Compressing Images With Vite and Vsharp

Images are usually the biggest cause of slow webpages. This article tackles how we can improve our page speeds in Nuxt by compressing images.

Michael Thiessen
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Images are one of the biggest causes of slow webpages.

We have a bunch of strategies for dealing with this, but the most basic one is to make sure each and every image in your app is compressed as much as possible.

Fortunately for us, setting up Nuxt to automatically compress our images only takes a few minutes.

Images in Nuxt

Let’s say we have an app with a bunch of images in our /assets folder.

Because these images aren’t in /public, they won’t be automatically included in the final build of our app. So we need to make sure to import them where we need them.

We’ll use an img tag in our template like this:

  <!-- Somewhere in our template -->  
      class="w-full rounded-lg shadow-lg border-2 border-slate-200"
  <!-- ... -->

And then make sure to import the images that we need, just like we’d import a method or component:

// Import all the images we need
import screen1 from '~/assets/images/screen1.png';
import screen2 from '~/assets/images/screen2.png';
import screen3 from '~/assets/images/screen3.png';
import screen4 from '~/assets/images/screen4.png';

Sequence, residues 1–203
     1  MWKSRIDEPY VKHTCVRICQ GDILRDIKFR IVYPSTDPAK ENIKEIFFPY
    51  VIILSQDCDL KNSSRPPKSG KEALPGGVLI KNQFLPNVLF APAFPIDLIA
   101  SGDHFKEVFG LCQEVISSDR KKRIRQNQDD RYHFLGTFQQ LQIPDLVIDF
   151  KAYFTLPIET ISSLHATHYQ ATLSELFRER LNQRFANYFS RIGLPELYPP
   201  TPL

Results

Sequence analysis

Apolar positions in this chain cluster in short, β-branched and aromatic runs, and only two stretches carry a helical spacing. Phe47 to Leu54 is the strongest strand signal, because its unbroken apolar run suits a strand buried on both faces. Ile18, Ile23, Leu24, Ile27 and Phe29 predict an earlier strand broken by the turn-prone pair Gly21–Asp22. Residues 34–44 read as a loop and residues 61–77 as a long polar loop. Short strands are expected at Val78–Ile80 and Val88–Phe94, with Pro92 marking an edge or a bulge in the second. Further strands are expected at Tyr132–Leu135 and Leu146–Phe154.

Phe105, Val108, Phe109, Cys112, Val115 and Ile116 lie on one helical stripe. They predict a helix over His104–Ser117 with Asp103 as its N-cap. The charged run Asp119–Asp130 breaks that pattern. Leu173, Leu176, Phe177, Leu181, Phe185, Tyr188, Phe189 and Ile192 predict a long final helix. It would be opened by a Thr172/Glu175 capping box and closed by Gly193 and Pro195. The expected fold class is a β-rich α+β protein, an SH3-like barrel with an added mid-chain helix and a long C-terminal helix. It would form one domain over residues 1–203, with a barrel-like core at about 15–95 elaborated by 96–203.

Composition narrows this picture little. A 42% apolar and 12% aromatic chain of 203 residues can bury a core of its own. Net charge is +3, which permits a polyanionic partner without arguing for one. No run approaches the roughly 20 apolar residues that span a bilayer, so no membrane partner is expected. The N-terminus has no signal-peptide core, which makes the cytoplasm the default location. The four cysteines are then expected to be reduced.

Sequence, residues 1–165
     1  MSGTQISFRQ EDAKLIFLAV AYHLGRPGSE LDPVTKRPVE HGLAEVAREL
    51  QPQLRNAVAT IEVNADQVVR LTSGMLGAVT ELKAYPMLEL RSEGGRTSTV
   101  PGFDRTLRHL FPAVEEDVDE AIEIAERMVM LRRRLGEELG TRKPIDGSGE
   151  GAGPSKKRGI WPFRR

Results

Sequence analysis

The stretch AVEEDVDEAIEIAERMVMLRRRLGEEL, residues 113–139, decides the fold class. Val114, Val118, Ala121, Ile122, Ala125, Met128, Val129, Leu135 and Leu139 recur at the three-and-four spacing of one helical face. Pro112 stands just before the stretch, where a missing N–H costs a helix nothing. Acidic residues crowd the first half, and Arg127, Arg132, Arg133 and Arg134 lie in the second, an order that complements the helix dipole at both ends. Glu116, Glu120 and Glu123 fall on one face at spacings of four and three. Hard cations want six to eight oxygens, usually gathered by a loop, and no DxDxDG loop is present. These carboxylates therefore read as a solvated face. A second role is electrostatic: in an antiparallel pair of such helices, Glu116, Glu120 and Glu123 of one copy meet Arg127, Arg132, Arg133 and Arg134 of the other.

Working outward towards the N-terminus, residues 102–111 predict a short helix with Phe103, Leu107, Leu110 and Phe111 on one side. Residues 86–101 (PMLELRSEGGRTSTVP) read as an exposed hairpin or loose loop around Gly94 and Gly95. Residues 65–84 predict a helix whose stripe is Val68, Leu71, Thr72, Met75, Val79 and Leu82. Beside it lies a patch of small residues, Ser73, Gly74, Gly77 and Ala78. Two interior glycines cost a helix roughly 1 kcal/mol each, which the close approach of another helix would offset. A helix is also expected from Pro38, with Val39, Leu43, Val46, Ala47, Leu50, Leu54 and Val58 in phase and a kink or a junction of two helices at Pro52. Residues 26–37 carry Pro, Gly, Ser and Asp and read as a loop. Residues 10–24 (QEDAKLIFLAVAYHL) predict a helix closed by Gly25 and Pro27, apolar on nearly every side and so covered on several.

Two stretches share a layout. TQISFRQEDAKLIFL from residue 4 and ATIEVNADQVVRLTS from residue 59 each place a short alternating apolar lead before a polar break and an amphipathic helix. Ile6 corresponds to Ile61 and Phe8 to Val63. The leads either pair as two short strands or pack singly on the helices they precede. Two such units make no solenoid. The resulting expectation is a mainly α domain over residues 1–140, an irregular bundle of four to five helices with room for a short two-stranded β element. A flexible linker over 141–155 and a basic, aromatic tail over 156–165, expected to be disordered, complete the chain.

import screen5 from '~/assets/images/screen5.png';

But these images will be included into our app as-is, without any compression.

This is a problem.

What we’d like is for any image that gets included to be automatically optimized as part of the build process. That way we know for sure that all of our images are as small as they can be, and won’t slow down our page load times too much.

Installing and configuring vsharp

There are a few different Vite plugins for compressing images, but for this tutorial we’ll use [vsharp]( I haven’t done an extensive side-by-side comparison of plugins, but this one has worked well for me.

To install, run pnpm add -D vite-plugin-vsharp.

To configure it, we need to update our nuxt.config.ts file. We need to add it to the plugins field in our vite section. If you don’t have that yet, you can add it now.

Your nuxt.config.ts will end up looking something like this:

import vsharp from 'vite-plugin-vsharp';

export default defineNuxtConfig({
    // 👇 Add vsharp to the vite plugins
  vite: {
    plugins: [vsharp()],

  // The rest of your Nuxt config
  runtimeConfig: {
    stripeSecret: '',
    stripeWebhookSecret: '',
    public: {
      stripeKey: '',
  nitro: {
    prerender: {
      routes: ['/landing'],
  modules: [

That’s it!

Now, when you run pnpm build (or npx nuxi build) you’ll see that it’s compressing every single image that’s used in your app. It will also show you exactly how much it’s compressing each image, and how much smaller your app bundle will be.

That’s a big win for a small config change!

Michael Thiessen
Michael is a passionate full time Vue.js and Nuxt.js educator. His weekly newsletter is sent to over 11,000 Vue developers, and he has written over a hundred articles for his blog and VueSchool.

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